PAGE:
Windows Forms by mny89786

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									Windows Forms

C# Programming


  January 10
    Part I

Windows Forms
                  Event-Driven Model

• The System.Windows.Forms library contains controls for
  building GUI applications
• The actual window for a GUI application is an instance of
  System.Windows.Forms.Form
• Controls (such as buttons, text boxes, file menus) get added
  to the form, where they sit and wait for events (such as the
  user clicking them or mousing over them)
• Each control responds to various user and other inputs (such
  as the timer tick of an internal clock) by raising events
• Event handlers can be attached to these events so that they
  are executed when they are raised
• Delegates are the means by which we can attach handlers to
  events
                         Delegates

• You can think of a delegate as a type-safe function pointer
• Ie, a variable that holds a function of a particular return type
  and parameter list
• Delegates decouple the class that declares the delegate from
  the class that uses the delegate
• After a delegate has been defined, it can be instantiated,
  assigned to, and then the contents of this instance (a
  reference to a function) can be invoked
using System;
namespace FirstDelegate
{
    public delegate void MyDel(int a, int b);

    class Program {
        private static MyDel someFunction;
        private static void PrintSum(int x, int y)
          { Console.WriteLine(x+y); }
        static void Main(string[] args) {
            someFunction = PrintSum;
            someFunction(2, 3);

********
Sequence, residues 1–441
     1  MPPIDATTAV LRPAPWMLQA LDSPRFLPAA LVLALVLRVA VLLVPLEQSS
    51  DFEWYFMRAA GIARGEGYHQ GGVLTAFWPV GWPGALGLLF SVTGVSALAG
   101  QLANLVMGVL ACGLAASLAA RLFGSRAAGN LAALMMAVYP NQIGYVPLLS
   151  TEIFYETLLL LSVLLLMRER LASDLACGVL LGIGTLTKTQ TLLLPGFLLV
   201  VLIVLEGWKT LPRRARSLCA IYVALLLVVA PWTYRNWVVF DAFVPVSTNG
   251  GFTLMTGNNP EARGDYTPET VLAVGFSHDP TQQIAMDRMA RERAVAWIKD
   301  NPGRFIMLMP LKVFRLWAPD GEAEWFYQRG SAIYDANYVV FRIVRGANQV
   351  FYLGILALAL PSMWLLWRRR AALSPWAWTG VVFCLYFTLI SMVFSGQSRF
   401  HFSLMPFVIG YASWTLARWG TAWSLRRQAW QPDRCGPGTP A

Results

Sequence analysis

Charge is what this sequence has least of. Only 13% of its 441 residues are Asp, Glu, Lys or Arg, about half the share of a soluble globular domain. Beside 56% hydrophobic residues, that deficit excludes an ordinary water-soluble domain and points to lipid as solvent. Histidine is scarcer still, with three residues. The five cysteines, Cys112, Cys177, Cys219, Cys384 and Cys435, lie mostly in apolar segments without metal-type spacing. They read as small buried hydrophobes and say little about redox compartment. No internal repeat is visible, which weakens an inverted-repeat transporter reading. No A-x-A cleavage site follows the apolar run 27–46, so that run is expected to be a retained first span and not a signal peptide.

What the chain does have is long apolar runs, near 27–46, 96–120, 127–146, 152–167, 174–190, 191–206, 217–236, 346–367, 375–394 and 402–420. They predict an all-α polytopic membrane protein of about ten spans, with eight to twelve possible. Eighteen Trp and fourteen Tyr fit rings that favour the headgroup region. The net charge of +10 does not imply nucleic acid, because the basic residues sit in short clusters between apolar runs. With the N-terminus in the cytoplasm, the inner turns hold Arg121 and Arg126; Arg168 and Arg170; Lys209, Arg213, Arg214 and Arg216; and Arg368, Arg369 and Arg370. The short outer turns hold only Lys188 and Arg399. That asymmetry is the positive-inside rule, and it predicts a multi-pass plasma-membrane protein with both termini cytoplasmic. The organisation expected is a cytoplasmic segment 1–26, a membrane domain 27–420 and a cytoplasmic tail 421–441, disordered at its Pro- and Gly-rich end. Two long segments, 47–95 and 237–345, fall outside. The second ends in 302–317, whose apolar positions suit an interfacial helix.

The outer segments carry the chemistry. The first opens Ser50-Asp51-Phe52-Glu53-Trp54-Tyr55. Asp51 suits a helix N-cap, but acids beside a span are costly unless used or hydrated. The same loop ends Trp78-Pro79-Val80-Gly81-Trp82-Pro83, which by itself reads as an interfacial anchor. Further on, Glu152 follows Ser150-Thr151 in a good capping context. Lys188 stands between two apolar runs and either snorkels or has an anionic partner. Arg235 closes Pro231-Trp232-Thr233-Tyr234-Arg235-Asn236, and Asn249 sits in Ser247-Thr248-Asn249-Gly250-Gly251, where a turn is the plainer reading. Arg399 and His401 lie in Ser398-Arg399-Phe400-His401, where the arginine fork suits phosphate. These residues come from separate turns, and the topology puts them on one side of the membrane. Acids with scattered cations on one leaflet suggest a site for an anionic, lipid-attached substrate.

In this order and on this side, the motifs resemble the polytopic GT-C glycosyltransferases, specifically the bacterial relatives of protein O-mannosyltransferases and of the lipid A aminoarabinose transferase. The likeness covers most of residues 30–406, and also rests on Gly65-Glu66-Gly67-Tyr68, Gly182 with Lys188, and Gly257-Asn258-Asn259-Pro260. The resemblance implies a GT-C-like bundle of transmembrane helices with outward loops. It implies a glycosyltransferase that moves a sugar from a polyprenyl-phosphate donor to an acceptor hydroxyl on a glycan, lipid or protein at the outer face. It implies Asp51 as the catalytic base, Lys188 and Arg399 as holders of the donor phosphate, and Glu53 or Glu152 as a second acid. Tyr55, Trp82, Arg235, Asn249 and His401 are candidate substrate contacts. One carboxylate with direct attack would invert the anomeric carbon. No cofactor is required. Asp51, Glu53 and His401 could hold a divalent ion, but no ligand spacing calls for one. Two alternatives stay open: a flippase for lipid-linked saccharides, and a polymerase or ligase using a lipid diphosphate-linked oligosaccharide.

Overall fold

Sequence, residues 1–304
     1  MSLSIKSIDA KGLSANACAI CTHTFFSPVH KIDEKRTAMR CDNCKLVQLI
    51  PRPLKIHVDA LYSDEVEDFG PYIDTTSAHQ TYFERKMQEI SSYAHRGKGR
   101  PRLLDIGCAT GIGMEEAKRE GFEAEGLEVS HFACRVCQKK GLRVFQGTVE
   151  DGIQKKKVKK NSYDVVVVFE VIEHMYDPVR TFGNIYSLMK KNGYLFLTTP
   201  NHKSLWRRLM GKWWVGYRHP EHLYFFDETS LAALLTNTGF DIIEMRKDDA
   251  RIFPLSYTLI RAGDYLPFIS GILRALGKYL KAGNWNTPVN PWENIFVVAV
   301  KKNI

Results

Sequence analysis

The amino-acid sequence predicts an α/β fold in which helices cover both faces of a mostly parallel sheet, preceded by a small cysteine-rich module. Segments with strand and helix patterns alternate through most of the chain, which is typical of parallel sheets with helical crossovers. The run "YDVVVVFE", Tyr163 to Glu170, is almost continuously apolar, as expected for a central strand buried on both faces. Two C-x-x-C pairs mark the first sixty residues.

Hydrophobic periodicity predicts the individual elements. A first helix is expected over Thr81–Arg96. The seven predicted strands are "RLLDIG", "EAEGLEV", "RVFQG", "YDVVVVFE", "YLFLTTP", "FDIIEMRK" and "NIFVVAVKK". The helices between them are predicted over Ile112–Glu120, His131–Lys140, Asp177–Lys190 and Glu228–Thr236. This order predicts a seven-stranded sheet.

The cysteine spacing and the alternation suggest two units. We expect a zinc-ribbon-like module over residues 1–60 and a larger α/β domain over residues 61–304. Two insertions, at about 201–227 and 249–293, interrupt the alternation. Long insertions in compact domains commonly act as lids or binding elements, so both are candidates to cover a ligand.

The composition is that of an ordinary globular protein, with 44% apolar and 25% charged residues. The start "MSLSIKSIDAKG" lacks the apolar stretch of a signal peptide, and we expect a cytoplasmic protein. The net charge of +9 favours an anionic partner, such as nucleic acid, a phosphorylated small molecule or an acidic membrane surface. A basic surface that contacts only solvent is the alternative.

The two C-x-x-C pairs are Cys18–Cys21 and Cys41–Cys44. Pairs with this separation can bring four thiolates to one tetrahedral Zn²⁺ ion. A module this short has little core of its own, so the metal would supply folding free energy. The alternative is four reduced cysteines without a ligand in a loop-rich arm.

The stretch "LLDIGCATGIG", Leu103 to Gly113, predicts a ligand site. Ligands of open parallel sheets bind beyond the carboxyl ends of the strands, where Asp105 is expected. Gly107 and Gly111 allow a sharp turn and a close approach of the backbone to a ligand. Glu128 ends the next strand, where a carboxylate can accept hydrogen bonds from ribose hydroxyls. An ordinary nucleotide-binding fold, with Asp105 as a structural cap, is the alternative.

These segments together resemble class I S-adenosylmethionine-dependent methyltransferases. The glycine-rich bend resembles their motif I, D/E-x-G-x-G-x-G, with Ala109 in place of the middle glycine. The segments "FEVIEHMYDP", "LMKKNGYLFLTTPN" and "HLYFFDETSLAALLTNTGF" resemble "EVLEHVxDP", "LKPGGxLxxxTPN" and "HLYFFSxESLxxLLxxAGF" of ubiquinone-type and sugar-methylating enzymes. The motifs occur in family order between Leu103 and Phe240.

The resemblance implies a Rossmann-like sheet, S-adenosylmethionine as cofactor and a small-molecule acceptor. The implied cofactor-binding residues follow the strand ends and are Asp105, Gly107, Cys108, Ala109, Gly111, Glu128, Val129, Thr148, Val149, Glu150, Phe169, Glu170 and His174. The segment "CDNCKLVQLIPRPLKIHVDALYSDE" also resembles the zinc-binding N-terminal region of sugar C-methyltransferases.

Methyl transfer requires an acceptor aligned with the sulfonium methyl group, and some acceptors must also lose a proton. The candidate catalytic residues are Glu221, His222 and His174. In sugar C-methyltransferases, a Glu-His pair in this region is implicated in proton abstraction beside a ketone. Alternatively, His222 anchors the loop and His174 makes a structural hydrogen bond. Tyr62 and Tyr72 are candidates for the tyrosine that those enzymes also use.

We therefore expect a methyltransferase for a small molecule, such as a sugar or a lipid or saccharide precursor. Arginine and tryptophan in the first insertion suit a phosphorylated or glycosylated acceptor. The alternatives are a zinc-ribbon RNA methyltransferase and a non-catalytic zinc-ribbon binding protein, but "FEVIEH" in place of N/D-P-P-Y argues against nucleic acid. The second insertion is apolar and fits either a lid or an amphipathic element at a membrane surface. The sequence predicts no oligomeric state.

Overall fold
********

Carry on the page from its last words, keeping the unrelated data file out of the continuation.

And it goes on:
}
    }
}
                       Multicasting

 • Oftentimes you want to attach several functions to an event
   (sometimes said subscribe several functions to an event)
 • You can attach (and detach) additional functions to an
   instance of a delegate using +, -, +=, and -=

static void Main(string[] args) {
    someFunction = PrintSum;
    someFunction += PrintSum;
    someFunction(2, 3);
}
         Hello GUI World

[demo]
         Adding Controls Programmatically
 • Although the Form Designer is great for rapid development
   and prototyping, organizing the UI solely through it can
   become messy
 • You can, of course, explicitly write the code to create GUI
   elements and modify their properties

for (int i = 0; i < 3; i++) {
    for (int j = 0; j < 3; j++) {
        Button b = new Button();
        b.Size = new Size(40, 40);
        b.Location = new Point(i * 40, j * 40);
        this.Controls.Add(b);
    }
}
                       Custom Controls

• To customize the behavior a regular control, you can extend
  that control class
• To create a custom control, create a new Windows Control
  Library project
• By default, the class (with default name UserControl1) will
  be declared to extend UserControl
• Instead, choose the type of control you want to extend (eg,
  Button, TextBox, Label, etc)
• You will then have to delete a line assigning to the
  AutoScaleMode property, which UserControl has but some
  other controls do not
• Add whatever custom event handlers and logic you need to